Future City team competes at national level

By Sydni Porter, Design Editor — One hundred years into the future, people are thriving in a town modeled after cities all across Iceland. Skotgeta – meaning “firepower” in Icelandic – is flourishing with geothermal energy racing through its wires and communities. Cancer is cured, crime rates are at an all time low, but there is one major downside: it only exists in the inventive minds of 34 STEM students at Oakwood Middle School.

These students worked for months developing the theories of the city that lived in their brains until it was designed on paper and finally built as a model composed of mostly recycled materials, representing the theme of “the power of public space.” The project consists of essays, a 3D model, a virtual model made on SimCity, and multiple rounds of presenting and questioning.

This past January, the team won the regional competition, providing them with the opportunity to be Plain Local’s first ever National-level competitors in the four years of participation. From Feb. 18-21, the team competed with the best across the country.

“[At regionals] They called up fifth, fourth, third, then the last two teams on the stage. We were just listening “…And in second place B–” that’s all they had to say, that first letter. We immediately erupted, my jaw just dropped,” eighth grader David Wellman said.

At the helm of the project stands teacher Vanessa Board, a veteran of the competition. Four years ago, Board led her first batch of city creators – now juniors at the high school – to ninth place out of 18. Every year following has gotten progressively better, climbing the ranks from third, to second, and finally claiming first this year.

“Those three years, I just had to figure out how to play the game,” Board said. “If I can figure out the rules, play the game and strategize, then I can win it.”

The three presenters of this year’s group were Wellman, along with his fellow eighth graders Zoey Rastetter and Landin Sumor, who tied in modern politics into their performance. They played Donald Trump, Hillary Clinton and time-traveling Bernie Sanders, respectively.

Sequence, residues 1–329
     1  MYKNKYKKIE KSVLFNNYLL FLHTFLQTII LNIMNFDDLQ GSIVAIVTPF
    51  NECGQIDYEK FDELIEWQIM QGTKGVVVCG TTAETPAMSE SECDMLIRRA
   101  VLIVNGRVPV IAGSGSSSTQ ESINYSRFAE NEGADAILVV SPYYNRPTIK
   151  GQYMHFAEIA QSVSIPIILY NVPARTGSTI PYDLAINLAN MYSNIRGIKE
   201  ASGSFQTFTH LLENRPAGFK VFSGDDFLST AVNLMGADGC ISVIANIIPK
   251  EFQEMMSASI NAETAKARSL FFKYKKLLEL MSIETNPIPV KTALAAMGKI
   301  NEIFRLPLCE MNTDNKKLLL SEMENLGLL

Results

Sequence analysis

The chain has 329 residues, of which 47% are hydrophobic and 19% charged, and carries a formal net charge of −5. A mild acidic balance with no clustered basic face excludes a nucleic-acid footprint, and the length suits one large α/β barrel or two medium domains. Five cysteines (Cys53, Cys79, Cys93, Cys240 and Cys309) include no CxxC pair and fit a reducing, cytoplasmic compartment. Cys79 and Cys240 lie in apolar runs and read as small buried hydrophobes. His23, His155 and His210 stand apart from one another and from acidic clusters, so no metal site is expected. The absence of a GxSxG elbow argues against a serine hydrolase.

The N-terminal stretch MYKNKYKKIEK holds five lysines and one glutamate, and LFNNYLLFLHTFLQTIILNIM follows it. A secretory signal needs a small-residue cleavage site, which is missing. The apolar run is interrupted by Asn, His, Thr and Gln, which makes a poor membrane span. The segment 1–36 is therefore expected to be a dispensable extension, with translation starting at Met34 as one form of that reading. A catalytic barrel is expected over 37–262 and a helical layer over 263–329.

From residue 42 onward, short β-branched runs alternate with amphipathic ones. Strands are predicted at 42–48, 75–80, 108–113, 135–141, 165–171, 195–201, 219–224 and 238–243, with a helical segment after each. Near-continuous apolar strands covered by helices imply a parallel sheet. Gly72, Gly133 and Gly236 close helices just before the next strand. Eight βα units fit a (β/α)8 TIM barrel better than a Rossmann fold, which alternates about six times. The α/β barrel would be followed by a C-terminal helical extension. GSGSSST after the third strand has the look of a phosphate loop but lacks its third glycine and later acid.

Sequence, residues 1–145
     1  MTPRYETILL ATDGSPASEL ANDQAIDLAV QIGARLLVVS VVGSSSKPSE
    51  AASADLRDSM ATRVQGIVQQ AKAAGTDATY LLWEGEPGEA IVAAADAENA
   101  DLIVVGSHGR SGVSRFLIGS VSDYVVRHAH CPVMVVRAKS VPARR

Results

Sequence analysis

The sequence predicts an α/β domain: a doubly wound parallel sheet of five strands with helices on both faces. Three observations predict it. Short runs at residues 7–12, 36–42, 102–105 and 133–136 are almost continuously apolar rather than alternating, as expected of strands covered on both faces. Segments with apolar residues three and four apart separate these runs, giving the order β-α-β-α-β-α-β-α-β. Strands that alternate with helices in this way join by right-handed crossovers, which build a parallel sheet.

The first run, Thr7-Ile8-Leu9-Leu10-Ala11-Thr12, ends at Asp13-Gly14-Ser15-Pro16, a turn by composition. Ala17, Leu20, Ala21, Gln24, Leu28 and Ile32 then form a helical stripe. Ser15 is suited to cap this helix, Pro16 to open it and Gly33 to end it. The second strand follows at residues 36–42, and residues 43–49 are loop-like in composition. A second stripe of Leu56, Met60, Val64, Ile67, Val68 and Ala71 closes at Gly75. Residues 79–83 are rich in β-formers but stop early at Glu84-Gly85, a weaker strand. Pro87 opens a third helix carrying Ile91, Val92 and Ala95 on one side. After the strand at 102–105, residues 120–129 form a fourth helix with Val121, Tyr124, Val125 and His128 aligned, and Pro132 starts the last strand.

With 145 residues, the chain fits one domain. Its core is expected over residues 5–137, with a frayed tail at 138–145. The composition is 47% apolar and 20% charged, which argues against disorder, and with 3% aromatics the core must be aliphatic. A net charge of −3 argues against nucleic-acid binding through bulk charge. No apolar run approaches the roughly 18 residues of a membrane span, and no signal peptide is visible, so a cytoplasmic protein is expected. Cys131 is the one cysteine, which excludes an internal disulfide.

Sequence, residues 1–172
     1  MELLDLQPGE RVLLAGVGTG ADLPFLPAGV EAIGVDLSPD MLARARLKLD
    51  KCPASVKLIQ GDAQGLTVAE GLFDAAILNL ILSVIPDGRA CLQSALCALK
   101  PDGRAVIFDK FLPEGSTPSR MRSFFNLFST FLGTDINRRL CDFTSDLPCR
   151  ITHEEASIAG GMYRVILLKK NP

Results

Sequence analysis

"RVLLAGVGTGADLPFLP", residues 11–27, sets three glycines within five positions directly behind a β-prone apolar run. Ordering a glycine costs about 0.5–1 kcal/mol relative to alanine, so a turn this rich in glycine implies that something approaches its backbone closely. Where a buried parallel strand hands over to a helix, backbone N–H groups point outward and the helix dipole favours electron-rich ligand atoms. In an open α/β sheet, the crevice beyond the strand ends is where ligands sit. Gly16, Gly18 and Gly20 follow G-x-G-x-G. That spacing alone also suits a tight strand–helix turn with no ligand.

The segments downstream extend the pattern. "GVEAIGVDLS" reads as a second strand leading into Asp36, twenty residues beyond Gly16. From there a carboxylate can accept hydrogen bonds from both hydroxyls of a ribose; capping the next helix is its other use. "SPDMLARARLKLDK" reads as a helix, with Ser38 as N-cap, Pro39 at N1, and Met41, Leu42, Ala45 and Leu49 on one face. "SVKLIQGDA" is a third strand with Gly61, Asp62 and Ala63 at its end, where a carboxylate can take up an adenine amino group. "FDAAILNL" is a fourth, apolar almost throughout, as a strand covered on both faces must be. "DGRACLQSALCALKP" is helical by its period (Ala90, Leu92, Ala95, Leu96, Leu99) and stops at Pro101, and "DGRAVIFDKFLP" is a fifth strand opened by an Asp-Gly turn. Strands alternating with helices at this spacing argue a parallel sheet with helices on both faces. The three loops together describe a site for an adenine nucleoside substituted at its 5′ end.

At the national competition, the group was able to score a special award for having the most innovative design of infrastructure systems.

“The opportunities that were provided to us were just phenomenal. It’s great for our age too, to be given the chance to go to D.C. and compete. It was overall just amazing. It was a dream,” Rastetter said.

It was not all smooth sailing, according to the team. They waged war against one major enemy of teenagers: procrastination.

“One month out, I had to have a very stern heart-to-heart with them… they’d been working [on the model] for 50 hours, but there wasn’t 50 hours worth of work on the board. I had to warn them: either we start working, or I’ll replace you,” Board said.

Local architect Rod Meadows, who works for Motter and Meadows in Canton, provided Oakwood with the necessary funds to take all 34 students to D.C., rather than just the advisor and presenters.

“He’s been such a huge supporter of Plain Local schools and it’s great to see local businesses really putting back into the education of their young ones. They know that this is our future,” Board said. “I know it sounds very cliche, but I think he really gets that idea.”

The group, through their ups and downs, truly became closer because of the project and learned how much collaboration matters.

“We were all friends, but we really became a family,” Rastetter said.

Board is already looking to her fifth year in the competition.

“I learned a lot, I took a lot of notes on how we can improve,” Board said. “I’m just looking forward to next year and improving on what we’ve already done and starting a legacy of attending the National competition.”

[Updated Aug. 20, 2017: This article has been reformatted for consistency.]